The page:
Once we bowled in leagues, usually after work -- but no longer. This seemingly small phenomenon symbolizes a significant social change that Robert Putnam has identified in this brilliant volume, Bowling Alone, which The Economist hailed as "a prodigious achievement."
Drawing on vast new data that reveal Americans' changing behavior, Putnam shows how we have become increasingly disconnected from one another and how social structures -- whether they be PTA, church, or political parties -- have disintegrated. Until the publication of this groundbreaking work, no one had so deftly diagnosed the harm that these broken bonds have wreaked on our physical and civic health, nor had anyone exalted their fundamental power in creating a society that is happy, healthy, and safe.
Like defining works from the past, such as The Lonely Crowd and The Affluent Society, and like the works of C. Wright Mills and Betty Friedan, Putnam's Bowling Alone has identified a central crisis at the heart of our society and suggests what we can do.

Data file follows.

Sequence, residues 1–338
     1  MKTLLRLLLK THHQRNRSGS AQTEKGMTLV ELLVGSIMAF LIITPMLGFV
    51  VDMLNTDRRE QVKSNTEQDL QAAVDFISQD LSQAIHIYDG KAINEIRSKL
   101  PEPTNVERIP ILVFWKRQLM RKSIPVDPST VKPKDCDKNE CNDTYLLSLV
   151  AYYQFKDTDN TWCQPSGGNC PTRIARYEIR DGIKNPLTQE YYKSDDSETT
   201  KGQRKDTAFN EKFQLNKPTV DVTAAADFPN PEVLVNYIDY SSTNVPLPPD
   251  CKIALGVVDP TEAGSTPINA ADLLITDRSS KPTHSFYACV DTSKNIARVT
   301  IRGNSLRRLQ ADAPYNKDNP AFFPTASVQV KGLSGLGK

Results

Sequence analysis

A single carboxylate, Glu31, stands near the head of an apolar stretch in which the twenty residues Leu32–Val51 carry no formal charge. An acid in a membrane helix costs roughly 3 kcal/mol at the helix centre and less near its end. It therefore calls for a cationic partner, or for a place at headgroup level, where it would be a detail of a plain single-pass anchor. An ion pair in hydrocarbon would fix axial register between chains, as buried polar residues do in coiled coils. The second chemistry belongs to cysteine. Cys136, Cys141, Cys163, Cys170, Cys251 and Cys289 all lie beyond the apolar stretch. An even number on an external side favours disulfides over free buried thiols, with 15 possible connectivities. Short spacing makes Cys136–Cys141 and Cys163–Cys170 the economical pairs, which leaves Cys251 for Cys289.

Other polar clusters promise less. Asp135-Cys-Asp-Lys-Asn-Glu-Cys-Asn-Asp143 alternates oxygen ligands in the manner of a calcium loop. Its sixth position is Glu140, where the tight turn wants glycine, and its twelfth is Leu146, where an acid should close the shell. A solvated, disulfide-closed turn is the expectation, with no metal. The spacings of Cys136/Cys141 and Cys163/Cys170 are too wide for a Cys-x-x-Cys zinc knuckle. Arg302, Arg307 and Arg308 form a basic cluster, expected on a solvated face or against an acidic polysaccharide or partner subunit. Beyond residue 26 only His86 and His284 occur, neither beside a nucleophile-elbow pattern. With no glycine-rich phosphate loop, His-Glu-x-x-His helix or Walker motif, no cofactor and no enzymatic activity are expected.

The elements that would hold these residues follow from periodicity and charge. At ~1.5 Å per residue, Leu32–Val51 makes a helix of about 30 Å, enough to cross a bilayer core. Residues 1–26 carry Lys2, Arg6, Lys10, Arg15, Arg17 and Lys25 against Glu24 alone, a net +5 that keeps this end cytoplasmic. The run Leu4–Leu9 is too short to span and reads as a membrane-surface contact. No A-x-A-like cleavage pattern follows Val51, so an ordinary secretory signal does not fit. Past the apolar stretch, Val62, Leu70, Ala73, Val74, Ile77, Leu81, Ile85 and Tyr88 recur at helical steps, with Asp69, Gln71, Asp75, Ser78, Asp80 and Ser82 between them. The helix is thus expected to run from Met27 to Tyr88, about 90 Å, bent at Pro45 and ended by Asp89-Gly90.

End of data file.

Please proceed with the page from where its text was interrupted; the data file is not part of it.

Results 1-5 of 100
—Michael Pakenham, The Baltimore Sun “Deserves to be compared to such
classic works as The Lonely Crowd and The Affluent Society.” —John Atlas,
Newark Star-Ledger “Its four hundred pages are crammed with statistics and
Of baby boomers interviewed in 1987, 53 percent thought their parents'
generation was better in terms of “being a concerned citizen, involved in helping
others in the community,” as compared with only 21 percent who thought their
However, our interest here is not “How are we doing compared with other
countries?” but “How are we doing today compared with our own past?” The
answer to that question is less encouraging. We begin with the most common act
Compared to demographically matched nonvoters, voters are more likely to be
interested in politics, to give to charity, to volunteer, to serve on juries, to attend
community school board meetings, to participate in public demonstrations, and to
participation solely through the vote.... Compared with those who engage in
various other political acts, voters report a different mix of gratification and a
different bundle of issue concerns as being behind their activity.... [V]oting is sui
What people are saying - Write a review
LibraryThing ReviewUser Review - jonerthon - LibraryThing
Probably the last of the older titles that has been on my reading list too long. Though it is dated in some ways, I was glad to finally get through this one and understand why so many planners have ... Read full review
LibraryThing ReviewUser Review - ddonahue - LibraryThing
The present withdrawal of the individual from social organizations now resembles the situation after WW I as depicted in Chapter IX of Eckstein's Rites of Spring, in which he describes veteran's eschewal of social commitments. Read full review